Majority of Counselors Lack Training to Treat Racial Trauma, Study Finds

The percentage clients who have experienced racial trauma far exceeds the percentage of counselors who are trained to identify and treat it.

Rebecca Troeger
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Given racism’s ubiquity in the lives of people of color and its harms to their mental health, researchers Carrie Hemmings and Amanda M. Evans investigate counselors’ competency in addressing racial trauma with clients of color. The findings of their exploratory study, published in the January 2018 issue of the Journal of Multicultural Counseling and Development, highlight a troubling gap between the prevalence of race-based trauma as a presenting concern and counselors’ preparedness to offer responsive care to affected clients.

“There is general agreement that experiences of racial and ethnic discrimination result in negative psychological outcomes,” the researchers write, “to improve health outcomes among [individuals of color] IOCs, those who work with minorities, including all health professionals, must address racism.”

Photo Credit: Creative Commons, U.S. Air Force

Hemmings and Evans, from Auburn University, note that the U.S. population is changing. While it is expected that the majority of the population will be people of color by 2044, racism remains deeply entrenched in the U.S. and continues to shape the daily experiences of people of color. The authors cite numerous studies that document the pervasive presence of racism in the lives of people of color. They highlight their findings in the present-day context of racially-driven violence (e.g., police killings of Tamir Rice, Freddie Gray, and numerous others; the Charleston church shooting) and the new forum for racism that the internet has provided.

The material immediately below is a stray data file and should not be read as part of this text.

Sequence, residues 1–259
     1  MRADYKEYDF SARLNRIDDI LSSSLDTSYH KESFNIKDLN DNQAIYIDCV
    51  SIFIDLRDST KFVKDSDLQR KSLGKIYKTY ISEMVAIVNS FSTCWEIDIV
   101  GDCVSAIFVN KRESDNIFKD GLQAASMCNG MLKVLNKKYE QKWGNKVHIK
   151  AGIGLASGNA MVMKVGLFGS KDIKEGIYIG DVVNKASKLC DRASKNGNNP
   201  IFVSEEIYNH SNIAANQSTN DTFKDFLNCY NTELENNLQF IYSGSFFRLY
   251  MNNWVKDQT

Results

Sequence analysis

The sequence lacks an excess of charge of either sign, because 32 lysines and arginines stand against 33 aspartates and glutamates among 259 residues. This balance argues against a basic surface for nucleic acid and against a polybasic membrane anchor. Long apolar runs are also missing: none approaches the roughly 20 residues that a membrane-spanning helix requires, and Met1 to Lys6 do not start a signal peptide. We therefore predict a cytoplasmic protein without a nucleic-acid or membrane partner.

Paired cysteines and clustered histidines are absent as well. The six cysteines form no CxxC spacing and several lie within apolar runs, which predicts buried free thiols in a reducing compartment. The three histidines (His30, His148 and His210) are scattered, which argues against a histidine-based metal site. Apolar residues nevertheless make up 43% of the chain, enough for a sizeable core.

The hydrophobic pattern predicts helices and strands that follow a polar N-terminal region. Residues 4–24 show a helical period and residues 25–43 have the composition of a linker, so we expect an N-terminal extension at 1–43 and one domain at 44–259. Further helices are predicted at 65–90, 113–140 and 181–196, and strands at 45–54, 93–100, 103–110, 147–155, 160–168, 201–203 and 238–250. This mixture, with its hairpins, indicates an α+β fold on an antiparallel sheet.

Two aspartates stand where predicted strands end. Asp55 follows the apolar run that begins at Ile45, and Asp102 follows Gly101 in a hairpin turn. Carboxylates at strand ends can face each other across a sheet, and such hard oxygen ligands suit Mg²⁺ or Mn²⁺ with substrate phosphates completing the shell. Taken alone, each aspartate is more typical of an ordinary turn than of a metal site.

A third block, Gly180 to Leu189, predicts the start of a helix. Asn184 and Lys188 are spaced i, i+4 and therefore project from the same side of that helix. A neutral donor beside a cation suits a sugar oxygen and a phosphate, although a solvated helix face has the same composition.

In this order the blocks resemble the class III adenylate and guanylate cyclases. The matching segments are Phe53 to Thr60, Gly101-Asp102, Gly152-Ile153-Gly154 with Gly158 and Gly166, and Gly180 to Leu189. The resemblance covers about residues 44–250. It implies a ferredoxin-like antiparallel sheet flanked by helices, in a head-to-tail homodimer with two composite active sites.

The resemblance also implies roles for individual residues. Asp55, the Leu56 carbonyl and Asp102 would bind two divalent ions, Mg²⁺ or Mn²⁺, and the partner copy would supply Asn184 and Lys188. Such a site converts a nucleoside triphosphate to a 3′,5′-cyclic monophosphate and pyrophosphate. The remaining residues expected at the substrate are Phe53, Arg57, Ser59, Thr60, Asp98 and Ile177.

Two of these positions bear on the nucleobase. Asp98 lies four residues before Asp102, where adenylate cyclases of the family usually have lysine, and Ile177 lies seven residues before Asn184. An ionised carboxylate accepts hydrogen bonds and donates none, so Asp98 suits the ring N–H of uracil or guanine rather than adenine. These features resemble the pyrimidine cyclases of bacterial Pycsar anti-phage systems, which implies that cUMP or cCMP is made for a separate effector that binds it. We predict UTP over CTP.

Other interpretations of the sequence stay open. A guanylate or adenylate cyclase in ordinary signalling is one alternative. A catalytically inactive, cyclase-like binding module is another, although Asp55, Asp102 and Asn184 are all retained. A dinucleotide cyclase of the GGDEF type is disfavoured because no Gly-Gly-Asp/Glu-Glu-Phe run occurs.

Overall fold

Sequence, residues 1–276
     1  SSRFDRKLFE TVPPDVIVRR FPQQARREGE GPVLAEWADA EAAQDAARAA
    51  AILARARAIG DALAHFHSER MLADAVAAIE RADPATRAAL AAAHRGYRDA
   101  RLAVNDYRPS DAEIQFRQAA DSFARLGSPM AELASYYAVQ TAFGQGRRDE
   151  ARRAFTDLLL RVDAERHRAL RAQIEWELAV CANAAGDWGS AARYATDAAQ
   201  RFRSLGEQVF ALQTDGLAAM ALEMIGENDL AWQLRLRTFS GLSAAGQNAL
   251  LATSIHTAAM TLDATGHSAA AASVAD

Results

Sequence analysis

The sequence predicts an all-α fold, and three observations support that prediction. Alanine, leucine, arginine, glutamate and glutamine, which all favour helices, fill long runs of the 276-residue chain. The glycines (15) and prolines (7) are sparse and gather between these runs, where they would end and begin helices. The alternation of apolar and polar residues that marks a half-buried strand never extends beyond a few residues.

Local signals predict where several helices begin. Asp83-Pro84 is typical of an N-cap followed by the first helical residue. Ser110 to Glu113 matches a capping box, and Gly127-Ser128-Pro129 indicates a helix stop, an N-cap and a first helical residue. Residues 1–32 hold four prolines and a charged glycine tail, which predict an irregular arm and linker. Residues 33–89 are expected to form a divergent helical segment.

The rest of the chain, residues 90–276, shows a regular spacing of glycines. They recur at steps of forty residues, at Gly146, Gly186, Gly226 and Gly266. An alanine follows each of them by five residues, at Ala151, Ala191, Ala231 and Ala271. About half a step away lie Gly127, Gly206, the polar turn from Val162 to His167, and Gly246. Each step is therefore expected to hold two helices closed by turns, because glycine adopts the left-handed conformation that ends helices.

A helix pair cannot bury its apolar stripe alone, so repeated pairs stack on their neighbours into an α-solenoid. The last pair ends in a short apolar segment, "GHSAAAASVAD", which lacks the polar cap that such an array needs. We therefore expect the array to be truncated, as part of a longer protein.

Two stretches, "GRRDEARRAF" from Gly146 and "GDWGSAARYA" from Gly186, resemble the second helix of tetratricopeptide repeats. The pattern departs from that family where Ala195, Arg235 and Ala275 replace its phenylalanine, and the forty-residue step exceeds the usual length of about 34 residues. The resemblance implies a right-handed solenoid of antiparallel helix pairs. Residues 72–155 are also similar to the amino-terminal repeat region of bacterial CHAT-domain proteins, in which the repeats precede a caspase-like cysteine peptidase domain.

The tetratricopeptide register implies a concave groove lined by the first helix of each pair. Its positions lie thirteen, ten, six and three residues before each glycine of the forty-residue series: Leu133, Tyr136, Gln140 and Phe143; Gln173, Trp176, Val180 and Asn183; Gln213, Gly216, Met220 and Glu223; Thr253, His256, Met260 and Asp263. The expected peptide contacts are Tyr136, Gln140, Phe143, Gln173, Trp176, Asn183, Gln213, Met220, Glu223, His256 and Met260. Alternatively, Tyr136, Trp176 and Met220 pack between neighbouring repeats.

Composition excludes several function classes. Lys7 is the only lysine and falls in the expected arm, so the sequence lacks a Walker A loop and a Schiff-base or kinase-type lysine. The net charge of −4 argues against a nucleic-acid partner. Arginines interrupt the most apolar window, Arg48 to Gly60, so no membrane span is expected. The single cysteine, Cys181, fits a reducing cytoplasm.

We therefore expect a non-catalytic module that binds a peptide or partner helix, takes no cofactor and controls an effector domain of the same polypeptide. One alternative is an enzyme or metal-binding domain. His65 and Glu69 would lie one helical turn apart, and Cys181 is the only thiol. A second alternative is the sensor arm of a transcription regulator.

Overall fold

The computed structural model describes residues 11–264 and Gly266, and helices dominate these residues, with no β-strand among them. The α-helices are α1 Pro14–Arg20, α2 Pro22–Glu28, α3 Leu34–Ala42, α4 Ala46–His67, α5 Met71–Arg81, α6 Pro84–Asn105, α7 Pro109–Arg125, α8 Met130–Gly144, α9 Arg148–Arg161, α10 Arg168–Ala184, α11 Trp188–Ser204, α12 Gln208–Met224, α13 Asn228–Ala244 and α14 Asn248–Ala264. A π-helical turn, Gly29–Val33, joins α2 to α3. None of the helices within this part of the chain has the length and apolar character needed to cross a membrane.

They also offer an overview of the research on racial discrimination’s many harmful health effects, which include elevated blood pressure, increased psychological distress and diminished mental health, and poor self-esteem. Racism is a social determinant of health that works counter to the goals of health and mental health professionals,” Hemmings and Evans write.

One study examining people of color’s experiences of racism found that 91.4% of participants (n = 260, all individuals of color) had experienced racial discrimination. Although 54% of these respondents felt that this experience “had a significant impact on them,” when the researchers inquired about the help-seeking behaviors participants used to cope with these distressing experiences, they found that less than 10% of participants had sought assistance from a “helping professional.” The researchers hypothesized that individuals of color might be reluctant to reach out to counselors for help because of perceptions that counselors lack awareness of and expertise in working therapeutically with racial issues.

Taking into account the deleterious health effects of racial trauma and its omnipresence in the lives of people of color, as well as researchers’ call for counselors to be equipped to address racism when working with clients of color, Hemmings and Evans set out to investigate practicing counselors’ skills in working with clients’ race-based trauma. Race-based trauma, or racial trauma, is defined as “the emotional, psychological and physical reactions to personal experiences with harassment and discrimination that cause pain.”